Modeling the hair-cell to spiral ganglion synapse: Berkeley Ear Club

Colloquium | February 27 | 4 p.m. | 3105 Tolman Hall

 Eric Young, John Hopkins University

 Department of Psychology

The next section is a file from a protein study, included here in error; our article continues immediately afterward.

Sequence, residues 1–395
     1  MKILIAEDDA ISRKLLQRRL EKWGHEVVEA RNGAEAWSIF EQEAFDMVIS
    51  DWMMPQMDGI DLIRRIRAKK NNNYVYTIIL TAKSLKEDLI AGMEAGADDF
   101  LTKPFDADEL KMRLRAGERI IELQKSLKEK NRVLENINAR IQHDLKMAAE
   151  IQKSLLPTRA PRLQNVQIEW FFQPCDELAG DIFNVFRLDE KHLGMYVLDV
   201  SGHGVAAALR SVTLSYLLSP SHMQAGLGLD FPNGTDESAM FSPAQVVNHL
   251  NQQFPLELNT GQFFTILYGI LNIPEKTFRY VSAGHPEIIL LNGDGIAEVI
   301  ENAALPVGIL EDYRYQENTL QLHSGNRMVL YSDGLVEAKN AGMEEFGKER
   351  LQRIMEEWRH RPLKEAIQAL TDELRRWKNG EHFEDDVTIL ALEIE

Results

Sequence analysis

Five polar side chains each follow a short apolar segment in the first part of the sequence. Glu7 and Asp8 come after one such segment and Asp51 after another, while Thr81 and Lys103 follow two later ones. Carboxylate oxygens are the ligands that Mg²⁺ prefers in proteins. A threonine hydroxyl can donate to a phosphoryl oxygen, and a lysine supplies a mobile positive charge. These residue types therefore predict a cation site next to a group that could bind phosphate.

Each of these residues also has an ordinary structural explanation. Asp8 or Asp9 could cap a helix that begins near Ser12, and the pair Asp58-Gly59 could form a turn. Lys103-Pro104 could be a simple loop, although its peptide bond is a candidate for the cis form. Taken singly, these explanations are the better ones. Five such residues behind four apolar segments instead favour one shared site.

The synapse between hair cells and auditory nerve fibers provides precise temporal information about acoustic events, such as transients in complex stimuli and the phase of sound waveforms at frequencies up to the kHz range. To accomplish these tasks, the synapse produces a high rate of spontaneous and stimulus-driven discharge in auditory-nerve fibers, with irregular spike trains and little or no temporal summation of presynaptic events. In this talk, recent recordings from the auditory-nerve terminals on hair cells are described. The extent of temporal summation of separate presynaptic vesicle release is shown to be minimal in producing excitatory postsynaptic currents. Several properties of auditory nerve spike trains, including irregularity and the excess-variance observed in spike counting statistics are shown to be properties of the presynaptic release process.